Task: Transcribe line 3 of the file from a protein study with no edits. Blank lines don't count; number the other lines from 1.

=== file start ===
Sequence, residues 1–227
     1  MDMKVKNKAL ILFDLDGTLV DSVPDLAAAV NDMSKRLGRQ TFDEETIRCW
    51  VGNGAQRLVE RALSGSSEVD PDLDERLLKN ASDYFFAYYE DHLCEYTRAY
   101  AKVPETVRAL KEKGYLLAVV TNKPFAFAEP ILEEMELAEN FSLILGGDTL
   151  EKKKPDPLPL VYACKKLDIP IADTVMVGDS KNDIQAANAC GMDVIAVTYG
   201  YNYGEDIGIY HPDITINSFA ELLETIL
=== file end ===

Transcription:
    51  VGNGAQRLVE RALSGSSEVD PDLDERLLKN ASDYFFAYYE DHLCEYTRAY